A third-party management program (TPMP) is a valuable business function within any organization. As your TPMP grows and matures, you’ll soon realize that all sorts of data about your vendors will need to be captured, digested and reported on. From procurement to contracting to ongoing oversight, the TPMP needs to be able to effectively use reports to help make business decisions regarding your third-party relationships.
Here are four key reports your third-party management program could use to keep your senior staff informed, and to help show the value of a well-running TPMP.
1. Schedule of Vendors with Access to Nonpublic Information (NPI)
During the early stages of your relationship with a new vendor (or even when you are exploring the possibility of additional work with an vendor), it is important to understand what type of information your vendor will have access to, and what they will do with that information.
An up-front risk assessment process would usually be where this type of knowledge about your vendor relationship is gathered, and centrally stored. Vendors would then be “tagged” to help the TPMP identify which vendors have access to NPI, and which do not. In the event of a data breach, or even just to keep your CISO or Enterprise Risk Management team aware of potential risks, running this type of report becomes an easy task.
2. Value of Contracts Approaching Expiration/Renewal
Knowing when your contracts are set to expire or renew is a critical component of third-party and contract management. However, contract expiration/renewal dates alone do not tell the whole story. Being able to tie a specific dollar value to each contract adds another layer of information that can help your TPMP and Executives make decisions when contracts are nearing the end of their term.
This is not to say that the larger the value of the contract, the more important the contract is to your organization. Contracts with larger dollar values may, however, require more resources to manage and negotiate… and is the type of insight your Executive team would love to know.
3. Schedule of Vendors with Incidents
For your organization’s riskier and more strategic vendors, your TPMP should be tracking incidents that impact performance (i.e. system outage, data breach, late deliverable, etc.). As Business Owners oversee the day-to-day management of your vendor contracts, and especially when performing periodic performance reviews, it is valuable to know if and when incidents have occurred.
As work is being provided under your vendor contracts, this type of report can also keep your senior staff well-informed about the overall health of your vendor performance.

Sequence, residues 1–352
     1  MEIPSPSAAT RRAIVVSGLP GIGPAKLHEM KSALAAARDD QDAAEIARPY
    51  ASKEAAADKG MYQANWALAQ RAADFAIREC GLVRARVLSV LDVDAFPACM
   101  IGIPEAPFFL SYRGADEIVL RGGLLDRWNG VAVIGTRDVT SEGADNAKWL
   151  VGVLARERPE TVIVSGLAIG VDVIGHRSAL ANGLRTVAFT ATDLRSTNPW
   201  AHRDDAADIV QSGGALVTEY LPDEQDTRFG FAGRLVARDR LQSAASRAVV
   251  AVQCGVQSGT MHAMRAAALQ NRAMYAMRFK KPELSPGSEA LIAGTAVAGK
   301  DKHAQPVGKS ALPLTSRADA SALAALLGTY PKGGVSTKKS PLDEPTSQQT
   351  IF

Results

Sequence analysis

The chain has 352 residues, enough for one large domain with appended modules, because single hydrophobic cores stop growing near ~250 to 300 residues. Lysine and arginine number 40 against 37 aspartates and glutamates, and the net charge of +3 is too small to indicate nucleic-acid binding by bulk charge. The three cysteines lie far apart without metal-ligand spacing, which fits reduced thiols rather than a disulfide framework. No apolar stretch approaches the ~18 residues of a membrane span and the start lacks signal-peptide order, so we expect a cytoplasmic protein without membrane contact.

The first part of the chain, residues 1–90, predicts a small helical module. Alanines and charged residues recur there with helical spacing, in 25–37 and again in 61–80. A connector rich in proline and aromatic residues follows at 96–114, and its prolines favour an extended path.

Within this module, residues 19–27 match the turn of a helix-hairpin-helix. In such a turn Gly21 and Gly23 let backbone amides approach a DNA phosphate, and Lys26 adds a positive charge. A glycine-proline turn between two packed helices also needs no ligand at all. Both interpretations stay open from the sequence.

4. Risks Averted (and Savings Realized) by the TPMP
Running reports to help facilitate smooth operations is great, but you also want to be able to use reports to prove the value of your TPMP to Senior staff. One of the ways a mature third-party management program can help do this is by performing contract reviews, often times for your organization’s more strategic vendors.
A contract review could help you identify if there are any gaps in your vendor agreements (i.e. are all of your organization’s required contractual provisions addressed in the vendor contract?). A contract review may also prompt an invoice audit, whereby your Business Owners (in coordination with the TPMP) ensure that the invoices provided by your vendors align with the contracted pricing and invoicing schedules. The results of your reviews and audits can be reported up to the appropriate stakeholders in your organization.
It should be noted that after an agreement has already been signed, updating terms & conditions may not be as easy of a task as it would have been prior to execution. However, with proper negotiation and transparency, it’s worth the effort to identify contractual gaps.
The list of reports above is by no means exhaustive. There are all sorts of KPI’s and reports that a third-party management office can use to help manage your organization’s vendor relationships. It will ultimately depend on where your TPMP sits within your organization, what type of system you are using to manage your vendors, and how many resources you have
Author: Josh Angert